5. An application under Order 41, Rule 27, CPC has also been submitted on behalf of the appellant-plaintiff with two documents out of which one is a birth certificate of Shivraj Singh, respondent No. 3, issued by the Head Master of Secondary School, Ridmalsar dated 24-9-1998 to controvert that Shivraj Singh was not a minor. The other document is a slip of Irrigation Department in the name of Pirtha Singh to show that the irrigation of the land was being done by plaintiff and he is in possession. This application has been contested by the counsel for the respondents. Firstly he submitted that Order 41, Rule 27, CPC would not apply to appeals under Order 43, Rule 1, CPC. But when his attention was drawn to Order 43, Rule 2, CPC which provides that the Rules of Order 41 shall apply so far as may be to appeals from orders, then he submitted that on merits the application is not maintainable because the documents were not submitted before the trial Court and it did not refuse to admit them in evidence.

6. Counsel for the appellant submitted that the appellate Court, if it requires any document to be produced, to enable it to pronounce judgment or for any substantial cause, it may allow such document to be produced. Therefore, he has submitted that these documents be taken on record as they are necessary to be examined to enable to pronounce the judgment. I do not agree with the learned Counsel on this point because during the arguments it transpired that the counsel for the respondents in a feeble voice admitted that the appellant-plaintiff was in possession of the land in dispute. The certificate of date of birth of Shiv Raj Singh could have been produced before the Court below but it was not done and no reason is coming forth for it. I, therefore, reject this application.

7. Now on merits. The plaintiff-appellant wants relief that the defendants be restrained from interfering in his possession. Counsel for the respondents submitted that no jurisdictional error has been committed by the learned trial Judge by refusing to grant temporary injunction and that the appellate Court should be slow in interfering the discretionary order of the trial Court as held in Smt. Vimla Devi Vs. Jang Bahadur, He also submitted that as per provisions of the Rajasthan Colonisation Act the sale deed could not be executed without permission and that the land was given to the respondents Nos. 2 and 3 by their grandfather by a Will and that Laxman Singh was not its owner. He submitted that the allegations of the defendants are that the agreements are forged. A copy of the Will was submitted before the trial Judge which showed that the land was bequeathed to Jasgir Singh and Shiv Raj Singh by Nahar Singh in equal shares. This Will was executed much before the alleged agreement. The plaintiff himself averred that Shiv Raj Singh was a minor at the time of execution of agreement, therefore, unless permission from the competent Court was obtained u/s 8 of the Hindu Minority and Guardianship Act, 1956, the agreement/sale deed could not have been executed by Laxman Singh who is the father of Jasgir Singh and Shiv Raj Singh, as such the agreement was enforceable,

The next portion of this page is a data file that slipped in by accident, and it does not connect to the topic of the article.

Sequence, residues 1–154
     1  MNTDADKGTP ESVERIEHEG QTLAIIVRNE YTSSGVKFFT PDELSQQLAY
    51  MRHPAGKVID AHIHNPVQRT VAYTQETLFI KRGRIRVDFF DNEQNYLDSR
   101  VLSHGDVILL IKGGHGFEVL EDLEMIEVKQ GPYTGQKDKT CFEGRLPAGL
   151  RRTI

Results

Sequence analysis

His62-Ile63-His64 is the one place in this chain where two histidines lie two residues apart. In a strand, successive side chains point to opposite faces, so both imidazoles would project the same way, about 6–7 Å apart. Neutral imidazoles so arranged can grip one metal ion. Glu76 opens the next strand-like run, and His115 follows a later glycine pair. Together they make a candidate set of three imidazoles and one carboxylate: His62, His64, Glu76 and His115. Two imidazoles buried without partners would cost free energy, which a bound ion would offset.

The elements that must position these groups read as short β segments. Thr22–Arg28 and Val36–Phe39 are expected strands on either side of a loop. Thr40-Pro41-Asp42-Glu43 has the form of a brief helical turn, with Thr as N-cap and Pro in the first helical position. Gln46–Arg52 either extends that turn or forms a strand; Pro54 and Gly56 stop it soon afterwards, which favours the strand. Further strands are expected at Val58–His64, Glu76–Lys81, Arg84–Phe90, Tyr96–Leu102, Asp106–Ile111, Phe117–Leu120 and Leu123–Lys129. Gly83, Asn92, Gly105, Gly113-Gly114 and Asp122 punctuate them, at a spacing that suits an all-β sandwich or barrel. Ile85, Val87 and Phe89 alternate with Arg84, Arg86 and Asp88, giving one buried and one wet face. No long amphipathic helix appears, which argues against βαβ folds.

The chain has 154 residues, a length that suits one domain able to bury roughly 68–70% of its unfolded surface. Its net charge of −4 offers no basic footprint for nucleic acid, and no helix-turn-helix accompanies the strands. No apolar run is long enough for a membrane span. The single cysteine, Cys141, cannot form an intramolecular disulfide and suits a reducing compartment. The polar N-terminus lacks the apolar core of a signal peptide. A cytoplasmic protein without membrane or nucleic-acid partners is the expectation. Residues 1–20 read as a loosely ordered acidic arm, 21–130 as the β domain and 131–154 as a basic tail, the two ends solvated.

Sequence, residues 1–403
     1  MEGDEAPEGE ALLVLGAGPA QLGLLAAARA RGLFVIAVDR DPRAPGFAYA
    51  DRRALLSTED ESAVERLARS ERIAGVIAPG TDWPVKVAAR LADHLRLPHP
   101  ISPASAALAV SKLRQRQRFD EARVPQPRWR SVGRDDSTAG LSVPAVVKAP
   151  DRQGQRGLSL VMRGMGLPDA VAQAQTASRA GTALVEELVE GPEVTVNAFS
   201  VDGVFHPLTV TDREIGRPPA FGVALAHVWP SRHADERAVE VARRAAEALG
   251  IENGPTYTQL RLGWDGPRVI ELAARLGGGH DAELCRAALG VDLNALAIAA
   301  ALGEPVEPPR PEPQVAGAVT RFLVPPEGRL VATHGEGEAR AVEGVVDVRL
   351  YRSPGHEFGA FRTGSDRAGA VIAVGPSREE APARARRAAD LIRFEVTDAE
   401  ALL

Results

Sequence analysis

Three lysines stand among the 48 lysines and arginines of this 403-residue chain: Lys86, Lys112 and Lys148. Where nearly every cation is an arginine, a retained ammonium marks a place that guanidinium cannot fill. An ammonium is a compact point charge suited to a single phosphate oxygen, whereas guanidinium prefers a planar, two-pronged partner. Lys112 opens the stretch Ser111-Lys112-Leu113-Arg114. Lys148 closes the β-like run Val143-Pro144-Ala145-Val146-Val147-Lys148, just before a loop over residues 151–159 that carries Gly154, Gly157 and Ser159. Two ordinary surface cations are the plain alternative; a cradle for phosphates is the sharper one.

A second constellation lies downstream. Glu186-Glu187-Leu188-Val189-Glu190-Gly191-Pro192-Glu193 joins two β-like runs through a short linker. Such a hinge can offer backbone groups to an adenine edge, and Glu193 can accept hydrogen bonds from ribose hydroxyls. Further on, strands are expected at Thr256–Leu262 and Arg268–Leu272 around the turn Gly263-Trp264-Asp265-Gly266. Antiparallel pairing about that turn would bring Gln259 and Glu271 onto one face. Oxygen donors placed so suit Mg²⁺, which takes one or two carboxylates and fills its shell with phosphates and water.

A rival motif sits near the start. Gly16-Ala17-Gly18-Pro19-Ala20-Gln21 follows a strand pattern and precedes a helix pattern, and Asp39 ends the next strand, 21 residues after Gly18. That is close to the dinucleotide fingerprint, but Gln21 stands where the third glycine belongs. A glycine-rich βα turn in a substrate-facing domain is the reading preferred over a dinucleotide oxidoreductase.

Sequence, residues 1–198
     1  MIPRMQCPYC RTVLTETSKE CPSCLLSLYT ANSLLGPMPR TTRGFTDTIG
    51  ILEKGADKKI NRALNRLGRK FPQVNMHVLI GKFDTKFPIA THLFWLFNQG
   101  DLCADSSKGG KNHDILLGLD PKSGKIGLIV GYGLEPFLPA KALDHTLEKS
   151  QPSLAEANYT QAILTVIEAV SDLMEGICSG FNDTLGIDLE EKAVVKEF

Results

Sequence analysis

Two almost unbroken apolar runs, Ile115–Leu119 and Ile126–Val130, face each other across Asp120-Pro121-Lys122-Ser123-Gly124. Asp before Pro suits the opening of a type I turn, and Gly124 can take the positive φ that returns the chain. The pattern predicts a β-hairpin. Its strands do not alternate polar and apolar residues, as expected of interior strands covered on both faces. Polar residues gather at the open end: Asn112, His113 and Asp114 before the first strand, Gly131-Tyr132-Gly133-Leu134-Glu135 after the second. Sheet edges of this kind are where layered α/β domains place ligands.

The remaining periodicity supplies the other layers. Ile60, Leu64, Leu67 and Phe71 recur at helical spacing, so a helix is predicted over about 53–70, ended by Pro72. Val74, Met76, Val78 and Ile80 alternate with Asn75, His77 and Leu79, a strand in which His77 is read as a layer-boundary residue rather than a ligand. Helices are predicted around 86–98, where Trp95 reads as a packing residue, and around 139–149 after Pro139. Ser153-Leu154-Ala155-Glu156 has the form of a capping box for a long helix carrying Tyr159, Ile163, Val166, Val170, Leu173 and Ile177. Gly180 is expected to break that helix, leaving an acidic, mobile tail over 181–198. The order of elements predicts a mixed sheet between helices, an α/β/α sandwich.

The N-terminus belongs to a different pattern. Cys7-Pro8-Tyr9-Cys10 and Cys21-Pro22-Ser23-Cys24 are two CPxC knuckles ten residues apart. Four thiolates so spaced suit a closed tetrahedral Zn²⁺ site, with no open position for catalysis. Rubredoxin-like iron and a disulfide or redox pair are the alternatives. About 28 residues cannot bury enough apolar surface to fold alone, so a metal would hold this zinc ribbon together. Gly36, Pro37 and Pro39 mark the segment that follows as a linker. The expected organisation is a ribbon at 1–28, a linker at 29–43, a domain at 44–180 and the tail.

8. So far as permission from the Colonisation Department is concerned, it was urged that no sanction was required after 22-4-1991. But in the facts and circumstances of this case it is said that the land did not belong to Laxman Singh. Instead it was under the tenancy of Jasgir Singh and Shiv Raj Singh who did not obtain any permission from the Court u/s 8 of the Hindu Minority and Guardianship Act, 1956. He could not have transferred/entered into the agreement on behalf of the minors.

9. Then the learned trial Judge found that the material facts were suppressed by the plaintiff. He observed so in his judgment. When it is so, the discretionary relief of granting injunction in such a matter could not be granted.